"When I think of any artistic movement in Salvador, I automatically link it to Bel Borba." An airport taxi driver delivers these words to the documentary crew in the video above as they cruise through the streets of Brazil, picking up speed as roads become highways. A few seconds later, we see Bel at work, fixing brightly-colored broken tiles to the surface of yet another project. Bel's work is everywhere in this 500-year-old city; he's known as the “people’s Picasso” and his work doesn't disappoint. We asked the filmmakers, Burt Sun and André Costantini, about art, inspirations, and how they first came under Bel's spell. Their e-mail responses are below; scroll down for more video.
HP: How is public art celebrated in Brazil?
BS & AC: At least in the city of Salvador, it is very welcome. In the case of Bel Borba, his art is literally everywhere and when we interviewed people on the street they felt that work like he does "completes the city." There are some publicly sanctioned commissions, but the majority of art that exists on the street, just shows up there. This gives the city character and depth and is a reflection of the culture. Ironically, some of Bel's works that were done guerrilla style are now protected landmarks.
HP: When did you first encounter Bel's work?
BS & AC: Six years ago, [when] Burt moved to Salvador, Bahia in Brazil. He saw Bel's work in practically every neighborhood and knew he just had to meet the artist. Burt had received support to make a book about urban art in Brazil and was interested in focusing on Bel's work. What was intended to be only a book, changed the moment Burt met Bel. Bel's personality and connection to his community and his city combined with the constant drive to make art made him the perfect subject for a documentary film. Interestingly enough, one of Burt's long time collaborators, André Costantini had expressed an interest in making a feature documentary film on an artist, the previous year. André flew to Brazil and the second day they met started filming.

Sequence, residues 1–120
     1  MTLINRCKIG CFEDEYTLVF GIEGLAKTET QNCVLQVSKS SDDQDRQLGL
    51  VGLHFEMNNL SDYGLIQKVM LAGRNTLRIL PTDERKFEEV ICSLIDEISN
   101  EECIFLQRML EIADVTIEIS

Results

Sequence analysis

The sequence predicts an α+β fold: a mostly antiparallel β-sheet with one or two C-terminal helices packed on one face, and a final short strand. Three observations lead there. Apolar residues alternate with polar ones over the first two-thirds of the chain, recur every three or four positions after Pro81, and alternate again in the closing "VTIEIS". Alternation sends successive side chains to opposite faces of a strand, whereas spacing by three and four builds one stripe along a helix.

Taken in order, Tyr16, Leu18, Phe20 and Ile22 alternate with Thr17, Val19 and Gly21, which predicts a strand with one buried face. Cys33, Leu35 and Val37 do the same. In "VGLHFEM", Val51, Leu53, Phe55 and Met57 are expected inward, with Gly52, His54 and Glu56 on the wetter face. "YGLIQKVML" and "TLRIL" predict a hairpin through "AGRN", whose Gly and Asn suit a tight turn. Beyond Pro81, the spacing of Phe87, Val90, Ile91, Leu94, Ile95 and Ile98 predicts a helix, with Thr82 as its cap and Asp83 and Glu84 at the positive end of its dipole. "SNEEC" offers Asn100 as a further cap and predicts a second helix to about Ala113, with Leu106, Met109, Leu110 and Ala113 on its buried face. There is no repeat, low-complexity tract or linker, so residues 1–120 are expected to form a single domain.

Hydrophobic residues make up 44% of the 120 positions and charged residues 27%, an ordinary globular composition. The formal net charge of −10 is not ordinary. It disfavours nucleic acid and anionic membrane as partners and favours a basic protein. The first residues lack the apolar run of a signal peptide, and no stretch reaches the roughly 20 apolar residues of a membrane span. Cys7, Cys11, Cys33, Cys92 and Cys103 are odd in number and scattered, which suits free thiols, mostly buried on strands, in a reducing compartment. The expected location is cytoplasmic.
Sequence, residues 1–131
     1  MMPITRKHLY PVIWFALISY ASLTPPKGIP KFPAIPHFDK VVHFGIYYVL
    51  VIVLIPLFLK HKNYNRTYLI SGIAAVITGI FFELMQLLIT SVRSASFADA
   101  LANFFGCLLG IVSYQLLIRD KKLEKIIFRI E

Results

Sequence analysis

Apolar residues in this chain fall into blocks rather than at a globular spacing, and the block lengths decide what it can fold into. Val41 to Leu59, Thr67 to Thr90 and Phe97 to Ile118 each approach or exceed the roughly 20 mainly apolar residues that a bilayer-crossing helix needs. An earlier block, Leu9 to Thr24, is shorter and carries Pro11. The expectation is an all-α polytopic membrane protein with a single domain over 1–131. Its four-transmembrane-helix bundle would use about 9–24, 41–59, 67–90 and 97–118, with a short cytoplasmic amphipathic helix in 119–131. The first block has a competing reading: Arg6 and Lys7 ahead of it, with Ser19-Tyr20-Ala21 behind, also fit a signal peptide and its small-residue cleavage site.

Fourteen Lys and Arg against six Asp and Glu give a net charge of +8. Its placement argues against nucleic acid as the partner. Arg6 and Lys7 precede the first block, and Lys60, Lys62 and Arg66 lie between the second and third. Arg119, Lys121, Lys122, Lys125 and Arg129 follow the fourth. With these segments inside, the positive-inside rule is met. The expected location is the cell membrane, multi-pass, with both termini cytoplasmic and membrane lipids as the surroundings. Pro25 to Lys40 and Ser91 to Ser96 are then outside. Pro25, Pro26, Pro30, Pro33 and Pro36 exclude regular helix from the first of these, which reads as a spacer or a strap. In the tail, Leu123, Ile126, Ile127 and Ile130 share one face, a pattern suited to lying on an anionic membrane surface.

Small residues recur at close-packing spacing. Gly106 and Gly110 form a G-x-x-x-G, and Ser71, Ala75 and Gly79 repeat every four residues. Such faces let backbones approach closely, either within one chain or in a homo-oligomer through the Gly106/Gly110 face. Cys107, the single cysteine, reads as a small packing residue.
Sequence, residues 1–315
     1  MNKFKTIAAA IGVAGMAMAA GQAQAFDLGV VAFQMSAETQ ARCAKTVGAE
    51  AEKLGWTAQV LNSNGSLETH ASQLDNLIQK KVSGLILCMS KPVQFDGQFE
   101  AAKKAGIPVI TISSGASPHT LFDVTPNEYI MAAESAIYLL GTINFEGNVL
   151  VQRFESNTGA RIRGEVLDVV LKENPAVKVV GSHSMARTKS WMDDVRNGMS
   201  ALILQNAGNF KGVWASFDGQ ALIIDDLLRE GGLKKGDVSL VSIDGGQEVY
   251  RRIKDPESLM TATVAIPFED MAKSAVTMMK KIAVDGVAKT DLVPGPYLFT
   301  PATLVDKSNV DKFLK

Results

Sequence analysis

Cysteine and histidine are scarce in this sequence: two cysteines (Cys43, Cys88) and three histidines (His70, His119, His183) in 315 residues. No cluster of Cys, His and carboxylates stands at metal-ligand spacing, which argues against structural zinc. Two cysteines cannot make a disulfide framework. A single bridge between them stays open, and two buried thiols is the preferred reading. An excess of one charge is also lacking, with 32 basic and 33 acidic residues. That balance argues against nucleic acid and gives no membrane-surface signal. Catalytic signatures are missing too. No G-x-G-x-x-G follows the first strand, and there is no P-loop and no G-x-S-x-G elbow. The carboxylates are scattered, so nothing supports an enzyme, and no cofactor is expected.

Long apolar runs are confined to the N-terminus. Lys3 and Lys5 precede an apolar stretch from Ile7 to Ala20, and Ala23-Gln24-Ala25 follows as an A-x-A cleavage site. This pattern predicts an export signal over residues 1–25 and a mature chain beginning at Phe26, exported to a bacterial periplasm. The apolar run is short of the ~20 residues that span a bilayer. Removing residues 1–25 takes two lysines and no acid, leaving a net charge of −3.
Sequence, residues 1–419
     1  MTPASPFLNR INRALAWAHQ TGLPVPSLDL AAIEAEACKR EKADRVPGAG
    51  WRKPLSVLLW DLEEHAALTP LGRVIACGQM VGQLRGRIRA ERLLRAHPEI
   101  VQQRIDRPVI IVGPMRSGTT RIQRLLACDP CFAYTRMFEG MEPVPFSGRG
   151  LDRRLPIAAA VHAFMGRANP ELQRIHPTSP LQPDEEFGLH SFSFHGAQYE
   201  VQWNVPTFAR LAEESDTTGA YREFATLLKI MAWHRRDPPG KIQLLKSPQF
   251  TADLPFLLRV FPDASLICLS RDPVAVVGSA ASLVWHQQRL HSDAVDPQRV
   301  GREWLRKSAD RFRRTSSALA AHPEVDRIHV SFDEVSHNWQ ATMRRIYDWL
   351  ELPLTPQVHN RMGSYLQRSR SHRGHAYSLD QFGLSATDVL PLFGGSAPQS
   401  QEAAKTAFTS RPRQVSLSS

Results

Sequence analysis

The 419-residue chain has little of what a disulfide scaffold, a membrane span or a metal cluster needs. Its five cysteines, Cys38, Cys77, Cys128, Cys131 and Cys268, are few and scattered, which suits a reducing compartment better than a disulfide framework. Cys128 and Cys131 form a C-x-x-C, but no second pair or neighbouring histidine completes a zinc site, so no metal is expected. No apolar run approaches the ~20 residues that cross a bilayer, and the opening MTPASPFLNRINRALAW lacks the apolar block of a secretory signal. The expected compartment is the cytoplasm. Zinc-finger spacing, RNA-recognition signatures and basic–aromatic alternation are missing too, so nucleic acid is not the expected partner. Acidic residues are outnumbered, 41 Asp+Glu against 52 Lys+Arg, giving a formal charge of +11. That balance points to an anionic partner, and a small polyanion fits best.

HP: Why did you decide to "compose the film like a piece of music" and do you think you achieved this goal?
BS & AC: We went through the process of interviewing tons of people from museum directors to his mother. We found it helpful in getting a clearer perspective of the character but decided that we would let the thing that inspired the film carry it through and thus we focused specifically about the idea of Bel telling his own story, his relationship with the city, his capacity to transform things and Bel here and now. Once we committed to that idea, we thought about how to adapt a structure to the film. We thought about operas and musicals; interludes, overtures and the like. There are certain themes that repeat, yet the character develops along the way. The idea of specific moods we wanted to create helped to dictate our choices, musically and visually.
Ultimately, this is a film about an artist by two artists. We set out to use a very lyrical approach to tell the story and based upon what we have been told by audiences, we have achieved this goal.
HP: What artist or art work has influenced you recently?
BS: Andy Goldsworthy's works transform the natural world into something truly profound. This is especially evident through viewing the documentary film about him and his work "Rivers and Tides."
AC: American photographer, artist and filmmaker Gordon Parks. He was an inspirational artist who not only overcame prejudices because of his race, but was an exceptional photographer, writer, film director and musician. He did everything from follow gangs in Harlem for stories for "Life Magazine", shot fashion for "Vogue" and directed "Shaft".
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